Josh's joshings     'The buck starts here'  Josh

"The finest and most perceptive blog in the entire Universe" - Jayson (not Tony) Blair


Email me *



How easy is it to recognise irony.
A. Pedant



Big boys (& girls)


British Journalism Review*
The Guardian*
Melbourne Age*




Worth a look


Charlie's Diary*
The Feral Eye*
Green fairy*
I live on your visits*
Jak - Vancouver*
Junius*
Quantum Tea*
Reflections in D minor*




Drabness is a state of mind
A. Pedant

This page is powered by Blogger. Isn't yours?
Friday, August 22, 2003
 
Glyndebourne

Well Myfanwy, our visits to Glyndebourne are over for another year. In the next few days, I'll perhaps write about some of the productions in more detail, giving some links. For the moment, I'll just give you a few thoughts and impressions:
Apparently, Anish Kapoor (designer for Idomeneo) didn't realise that his set resembled a giant fanny. Was it Freudian unconsciousness that led to that design or was it all in the mind of the reviewer who first pointed it out?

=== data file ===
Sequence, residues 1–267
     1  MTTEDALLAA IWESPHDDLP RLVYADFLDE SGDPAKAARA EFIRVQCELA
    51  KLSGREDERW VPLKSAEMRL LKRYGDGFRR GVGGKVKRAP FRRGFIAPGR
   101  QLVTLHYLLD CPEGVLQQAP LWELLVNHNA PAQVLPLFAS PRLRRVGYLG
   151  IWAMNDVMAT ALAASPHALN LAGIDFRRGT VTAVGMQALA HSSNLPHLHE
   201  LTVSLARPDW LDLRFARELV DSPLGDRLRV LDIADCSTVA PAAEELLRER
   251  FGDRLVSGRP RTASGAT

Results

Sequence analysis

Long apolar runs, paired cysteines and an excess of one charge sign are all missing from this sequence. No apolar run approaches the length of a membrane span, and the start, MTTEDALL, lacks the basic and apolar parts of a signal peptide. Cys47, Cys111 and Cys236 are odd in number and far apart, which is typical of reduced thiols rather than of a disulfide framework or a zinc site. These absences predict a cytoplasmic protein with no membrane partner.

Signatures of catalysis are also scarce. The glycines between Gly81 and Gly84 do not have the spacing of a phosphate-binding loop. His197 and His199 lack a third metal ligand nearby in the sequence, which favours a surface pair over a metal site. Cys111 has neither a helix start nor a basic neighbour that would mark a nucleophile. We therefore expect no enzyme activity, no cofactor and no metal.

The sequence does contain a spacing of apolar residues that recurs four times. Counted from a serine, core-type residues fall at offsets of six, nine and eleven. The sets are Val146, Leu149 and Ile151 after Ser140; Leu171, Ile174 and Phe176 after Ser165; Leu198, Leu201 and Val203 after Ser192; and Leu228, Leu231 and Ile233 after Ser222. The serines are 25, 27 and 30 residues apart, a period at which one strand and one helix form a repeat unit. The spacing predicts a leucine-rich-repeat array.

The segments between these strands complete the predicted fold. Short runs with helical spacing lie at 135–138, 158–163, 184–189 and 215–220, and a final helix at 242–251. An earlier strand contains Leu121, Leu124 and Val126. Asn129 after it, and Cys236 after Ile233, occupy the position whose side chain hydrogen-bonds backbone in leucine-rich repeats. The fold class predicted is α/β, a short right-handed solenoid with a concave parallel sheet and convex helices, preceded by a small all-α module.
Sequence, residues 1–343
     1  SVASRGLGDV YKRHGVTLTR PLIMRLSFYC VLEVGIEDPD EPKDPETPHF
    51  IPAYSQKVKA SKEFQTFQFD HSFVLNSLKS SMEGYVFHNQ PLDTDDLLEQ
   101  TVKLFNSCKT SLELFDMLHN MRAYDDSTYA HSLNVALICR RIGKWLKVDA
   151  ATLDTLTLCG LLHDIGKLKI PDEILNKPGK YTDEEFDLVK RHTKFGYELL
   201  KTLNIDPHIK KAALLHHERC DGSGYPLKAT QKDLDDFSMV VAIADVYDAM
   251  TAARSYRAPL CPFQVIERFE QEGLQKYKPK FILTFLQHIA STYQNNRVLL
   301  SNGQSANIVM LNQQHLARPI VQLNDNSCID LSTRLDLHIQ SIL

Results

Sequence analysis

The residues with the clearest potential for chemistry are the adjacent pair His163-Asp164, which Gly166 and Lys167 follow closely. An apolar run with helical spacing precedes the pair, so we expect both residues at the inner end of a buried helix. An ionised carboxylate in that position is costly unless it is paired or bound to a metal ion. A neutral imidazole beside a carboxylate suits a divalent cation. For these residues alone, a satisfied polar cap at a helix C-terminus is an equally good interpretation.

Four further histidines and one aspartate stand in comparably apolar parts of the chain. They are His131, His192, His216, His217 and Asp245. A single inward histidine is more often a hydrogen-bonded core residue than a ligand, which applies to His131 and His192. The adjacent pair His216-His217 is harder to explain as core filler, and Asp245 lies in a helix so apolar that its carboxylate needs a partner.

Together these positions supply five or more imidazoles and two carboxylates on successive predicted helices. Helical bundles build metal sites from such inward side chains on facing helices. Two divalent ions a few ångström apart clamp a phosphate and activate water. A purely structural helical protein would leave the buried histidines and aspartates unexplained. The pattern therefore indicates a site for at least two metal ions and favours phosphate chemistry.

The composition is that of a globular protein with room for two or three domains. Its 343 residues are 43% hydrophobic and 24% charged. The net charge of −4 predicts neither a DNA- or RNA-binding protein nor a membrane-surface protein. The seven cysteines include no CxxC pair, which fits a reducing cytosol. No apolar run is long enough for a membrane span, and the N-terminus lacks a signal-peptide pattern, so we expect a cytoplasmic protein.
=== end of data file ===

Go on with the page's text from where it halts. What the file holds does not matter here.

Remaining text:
In the same production, the orange uniforms of a few of the prisoners make a subtle political point. In no way could it be called an excessive gesture, nor could it be seen as spoiling the presentation - we've all become used to Peter Sellars's strange visions.

Adele (Lyubov Petrova) plays mean spoons in Die Fledermaus. Ian Hislop please note this for Private Eye. Knockout production, but not for traditionalists.

Theodora was gripping and given a modern political look. During his riveting pre-performance talk, Peter Sellars told us about the genesis of the production. Perhaps more fascinating was his expressed suspicion about politicians (US Hebrew Gog [anag.], in particular) who claim to have a hot line from God. And - you've guessed it - the execution scene was based on Texan practice - lethal injection. Guard your citizenship well, Peter.
We picnicked this year. Dinners rushed during the eighty-five-minute intervals are a bit too conducive to indigestion, not to mention nodding off at crucial points...

Was it my imagination or were there more purveyors of the pink pound there this year? And did the audiences, especially that for Die Fledermaus, look older? Or am I, at 173, getting younger myself? Still, I suppose it's only the crumblies who think they can afford to go to Glyndebourne. They need things to tell their great-great-grandchildren.


Comments: Post a Comment